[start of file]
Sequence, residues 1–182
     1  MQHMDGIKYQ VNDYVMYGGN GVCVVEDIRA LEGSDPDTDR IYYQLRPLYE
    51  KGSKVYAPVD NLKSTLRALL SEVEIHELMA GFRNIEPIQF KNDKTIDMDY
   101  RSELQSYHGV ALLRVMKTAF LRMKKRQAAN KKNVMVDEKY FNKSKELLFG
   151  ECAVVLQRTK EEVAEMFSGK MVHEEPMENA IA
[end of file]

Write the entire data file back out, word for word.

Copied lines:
Sequence, residues 1–182
     1  MQHMDGIKYQ VNDYVMYGGN GVCVVEDIRA LEGSDPDTDR IYYQLRPLYE
    51  KGSKVYAPVD NLKSTLRALL SEVEIHELMA GFRNIEPIQF KNDKTIDMDY
   101  RSELQSYHGV ALLRVMKTAF LRMKKRQAAN KKNVMVDEKY FNKSKELLFG
   151  ECAVVLQRTK EEVAEMFSGK MVHEEPMENA IA